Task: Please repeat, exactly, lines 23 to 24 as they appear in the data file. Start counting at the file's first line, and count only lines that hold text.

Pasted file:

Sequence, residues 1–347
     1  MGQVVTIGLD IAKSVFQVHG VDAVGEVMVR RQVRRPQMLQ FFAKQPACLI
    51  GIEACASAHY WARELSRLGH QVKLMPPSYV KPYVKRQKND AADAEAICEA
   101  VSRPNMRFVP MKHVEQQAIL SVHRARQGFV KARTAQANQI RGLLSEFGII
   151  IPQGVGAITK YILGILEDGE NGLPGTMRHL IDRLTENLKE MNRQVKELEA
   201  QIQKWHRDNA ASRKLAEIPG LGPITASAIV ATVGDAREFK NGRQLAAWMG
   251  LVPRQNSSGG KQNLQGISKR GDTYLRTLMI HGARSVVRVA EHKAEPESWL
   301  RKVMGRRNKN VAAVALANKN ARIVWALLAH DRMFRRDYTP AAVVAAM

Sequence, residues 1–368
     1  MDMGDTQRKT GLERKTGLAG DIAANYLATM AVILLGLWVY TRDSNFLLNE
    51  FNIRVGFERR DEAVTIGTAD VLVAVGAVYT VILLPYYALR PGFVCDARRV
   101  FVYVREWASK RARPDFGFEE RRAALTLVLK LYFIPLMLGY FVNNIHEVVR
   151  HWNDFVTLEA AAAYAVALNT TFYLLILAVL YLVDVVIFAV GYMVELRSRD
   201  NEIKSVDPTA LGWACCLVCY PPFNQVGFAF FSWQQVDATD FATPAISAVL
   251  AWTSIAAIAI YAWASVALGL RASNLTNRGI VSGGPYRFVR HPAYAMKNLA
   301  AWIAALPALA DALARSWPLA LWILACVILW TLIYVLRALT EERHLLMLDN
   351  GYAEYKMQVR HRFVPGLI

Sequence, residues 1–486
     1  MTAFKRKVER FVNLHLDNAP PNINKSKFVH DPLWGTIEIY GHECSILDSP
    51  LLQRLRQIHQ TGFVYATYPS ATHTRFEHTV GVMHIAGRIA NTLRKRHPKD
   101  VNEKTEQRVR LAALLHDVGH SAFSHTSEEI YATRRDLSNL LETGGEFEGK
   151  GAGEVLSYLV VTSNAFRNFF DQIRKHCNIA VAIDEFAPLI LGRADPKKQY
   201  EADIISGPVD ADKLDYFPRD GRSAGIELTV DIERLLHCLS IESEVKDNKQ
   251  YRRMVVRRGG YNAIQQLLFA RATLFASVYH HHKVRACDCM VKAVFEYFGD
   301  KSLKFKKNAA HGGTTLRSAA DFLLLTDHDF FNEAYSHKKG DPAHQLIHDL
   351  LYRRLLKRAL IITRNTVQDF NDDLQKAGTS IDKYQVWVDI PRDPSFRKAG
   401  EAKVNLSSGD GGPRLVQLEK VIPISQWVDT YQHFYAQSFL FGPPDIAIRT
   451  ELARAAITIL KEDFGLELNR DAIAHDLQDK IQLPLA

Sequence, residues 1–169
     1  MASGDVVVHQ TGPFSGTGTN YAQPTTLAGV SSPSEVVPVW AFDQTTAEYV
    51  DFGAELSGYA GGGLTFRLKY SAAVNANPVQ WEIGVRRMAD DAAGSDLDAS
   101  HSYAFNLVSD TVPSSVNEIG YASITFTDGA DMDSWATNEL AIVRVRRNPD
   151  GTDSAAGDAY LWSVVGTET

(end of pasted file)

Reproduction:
   201  EADIISGPVD ADKLDYFPRD GRSAGIELTV DIERLLHCLS IESEVKDNKQ
   251  YRRMVVRRGG YNAIQQLLFA RATLFASVYH HHKVRACDCM VKAVFEYFGD